ERIC Number: ED249781
Record Type: RIE
Publication Date: 1984-Sep
Reference Count: 0
Learning Not to Overgeneralize.
Marchman, Virginia A.
This study investigates how children learn not to overgeneralize about grammatical forms and how to reformulate hypotheses about the grammar of their language even when receiving little or no explicit feedback. Two proposals were looked at: (1) input monitoring theory stating that certain overgeneralizations are eliminated from production because children do not hear them in the input, and (2) a perspective that views much of the impetus for linguistic reorganization as coming from within the child rather than through input. The degree to which each of these perspectives explains children's reformulation of erroneous hypotheses was examined with 35 native English speakers aged 3.9 to 9.8. The children were given one production and two grammaticality judgment tasks. In one of the judgment tasks, the children were asked to judge a verb form in a single sentence, and in the other they were asked to both find nonsensical concepts and judge verb grammaticality. Results gave further evidence that children eliminate errors by monitoring the discrepancy between their production and their experience or input. However, when the experimental situation was modified so children were required to process information about both form and content, children did not acquire language to match an adult standard. (MSE)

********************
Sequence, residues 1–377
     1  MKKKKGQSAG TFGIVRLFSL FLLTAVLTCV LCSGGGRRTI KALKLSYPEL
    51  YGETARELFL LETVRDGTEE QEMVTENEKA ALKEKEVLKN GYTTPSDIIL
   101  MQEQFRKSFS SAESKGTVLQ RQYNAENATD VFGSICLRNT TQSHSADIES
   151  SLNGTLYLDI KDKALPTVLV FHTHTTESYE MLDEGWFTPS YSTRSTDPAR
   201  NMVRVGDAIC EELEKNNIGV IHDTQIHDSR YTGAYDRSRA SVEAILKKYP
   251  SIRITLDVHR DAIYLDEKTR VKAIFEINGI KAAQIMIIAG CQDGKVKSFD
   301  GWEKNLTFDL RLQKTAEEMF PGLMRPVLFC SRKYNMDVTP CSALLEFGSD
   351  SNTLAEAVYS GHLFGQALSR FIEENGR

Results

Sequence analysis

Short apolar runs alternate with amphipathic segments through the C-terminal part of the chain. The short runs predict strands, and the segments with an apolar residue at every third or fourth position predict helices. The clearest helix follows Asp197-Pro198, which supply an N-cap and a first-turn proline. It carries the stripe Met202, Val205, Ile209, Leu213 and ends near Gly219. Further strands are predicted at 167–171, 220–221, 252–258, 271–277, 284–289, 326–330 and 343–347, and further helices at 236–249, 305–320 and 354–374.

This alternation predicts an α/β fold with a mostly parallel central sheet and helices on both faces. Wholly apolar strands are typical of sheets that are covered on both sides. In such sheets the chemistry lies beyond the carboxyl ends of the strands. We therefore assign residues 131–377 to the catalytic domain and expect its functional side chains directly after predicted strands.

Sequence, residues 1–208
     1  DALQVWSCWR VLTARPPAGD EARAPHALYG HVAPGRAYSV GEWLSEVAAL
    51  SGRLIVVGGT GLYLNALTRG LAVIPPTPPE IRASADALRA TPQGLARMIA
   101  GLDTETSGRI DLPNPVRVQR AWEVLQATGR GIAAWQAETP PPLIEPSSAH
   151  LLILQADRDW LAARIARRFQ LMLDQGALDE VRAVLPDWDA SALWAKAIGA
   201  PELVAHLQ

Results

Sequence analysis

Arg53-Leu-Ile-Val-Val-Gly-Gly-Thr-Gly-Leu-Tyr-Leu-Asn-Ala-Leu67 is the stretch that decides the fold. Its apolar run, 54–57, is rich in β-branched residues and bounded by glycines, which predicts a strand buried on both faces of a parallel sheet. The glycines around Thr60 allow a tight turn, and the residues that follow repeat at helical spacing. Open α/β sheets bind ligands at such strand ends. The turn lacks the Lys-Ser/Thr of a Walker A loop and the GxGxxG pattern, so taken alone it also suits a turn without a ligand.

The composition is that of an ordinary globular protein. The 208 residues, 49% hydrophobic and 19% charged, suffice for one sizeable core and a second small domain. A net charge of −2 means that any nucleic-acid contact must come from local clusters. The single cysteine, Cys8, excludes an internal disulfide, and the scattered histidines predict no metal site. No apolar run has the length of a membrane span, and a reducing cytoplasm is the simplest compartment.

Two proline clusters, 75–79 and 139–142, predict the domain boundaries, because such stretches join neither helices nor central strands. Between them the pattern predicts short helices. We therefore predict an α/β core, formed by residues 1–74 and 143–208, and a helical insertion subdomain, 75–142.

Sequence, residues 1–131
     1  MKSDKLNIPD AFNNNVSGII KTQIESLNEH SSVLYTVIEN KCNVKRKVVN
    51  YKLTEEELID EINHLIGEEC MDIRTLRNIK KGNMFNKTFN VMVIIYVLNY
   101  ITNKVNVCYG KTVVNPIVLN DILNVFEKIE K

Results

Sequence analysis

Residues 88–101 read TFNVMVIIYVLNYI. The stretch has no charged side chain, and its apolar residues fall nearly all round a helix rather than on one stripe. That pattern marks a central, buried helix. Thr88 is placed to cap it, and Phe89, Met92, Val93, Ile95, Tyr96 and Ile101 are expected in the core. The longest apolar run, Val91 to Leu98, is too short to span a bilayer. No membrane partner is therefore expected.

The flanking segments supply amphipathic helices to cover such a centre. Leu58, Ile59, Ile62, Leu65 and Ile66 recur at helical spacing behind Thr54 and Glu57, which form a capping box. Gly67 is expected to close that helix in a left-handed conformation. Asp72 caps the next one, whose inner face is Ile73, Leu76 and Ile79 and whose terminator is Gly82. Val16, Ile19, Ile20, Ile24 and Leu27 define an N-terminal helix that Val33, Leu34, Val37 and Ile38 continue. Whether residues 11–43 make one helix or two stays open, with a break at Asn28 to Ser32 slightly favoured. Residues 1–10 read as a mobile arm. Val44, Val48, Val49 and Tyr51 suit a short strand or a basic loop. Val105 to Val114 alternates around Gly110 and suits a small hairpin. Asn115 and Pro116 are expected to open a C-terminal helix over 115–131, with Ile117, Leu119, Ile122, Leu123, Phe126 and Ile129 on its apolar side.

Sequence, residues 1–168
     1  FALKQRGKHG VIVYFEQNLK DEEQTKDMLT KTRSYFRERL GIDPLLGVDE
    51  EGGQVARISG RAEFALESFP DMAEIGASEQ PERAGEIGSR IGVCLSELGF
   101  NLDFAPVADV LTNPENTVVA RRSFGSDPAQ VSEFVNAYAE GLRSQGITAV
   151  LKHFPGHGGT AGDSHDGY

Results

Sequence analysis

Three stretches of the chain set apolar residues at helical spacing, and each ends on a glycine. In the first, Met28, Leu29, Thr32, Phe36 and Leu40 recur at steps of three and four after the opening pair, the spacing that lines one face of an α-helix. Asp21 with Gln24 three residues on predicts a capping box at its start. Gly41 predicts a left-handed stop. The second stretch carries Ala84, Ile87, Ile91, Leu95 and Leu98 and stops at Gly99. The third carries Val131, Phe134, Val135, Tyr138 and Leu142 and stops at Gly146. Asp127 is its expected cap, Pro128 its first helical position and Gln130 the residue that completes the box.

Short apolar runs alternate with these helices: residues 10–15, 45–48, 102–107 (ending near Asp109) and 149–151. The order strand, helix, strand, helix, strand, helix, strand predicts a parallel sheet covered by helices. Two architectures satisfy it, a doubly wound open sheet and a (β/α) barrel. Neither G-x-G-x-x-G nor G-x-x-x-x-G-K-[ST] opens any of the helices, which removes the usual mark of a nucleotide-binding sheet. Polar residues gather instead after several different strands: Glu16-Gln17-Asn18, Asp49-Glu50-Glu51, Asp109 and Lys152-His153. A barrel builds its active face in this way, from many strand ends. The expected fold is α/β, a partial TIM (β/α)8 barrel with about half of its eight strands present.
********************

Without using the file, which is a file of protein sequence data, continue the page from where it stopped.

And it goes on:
Descriptors: Child Language, Concept Formation, Form Classes (Languages), Generalization, Grammar, Language Acquisition, Learning Processes, Tenses (Grammar), Verbs, Young Children
PRCLD, Department of Linguistics, Stanford University, Stanford, CA 94305 ($12.00 for entire volume; individual papers not available).
Publication Type: Reports - Research
Education Level: N/A
Authoring Institution: Stanford Univ., CA. Dept. of Linguistics.
Note: In: Papers and Reports on Child Language Development, Volume 23, p90-97 Sep 1984.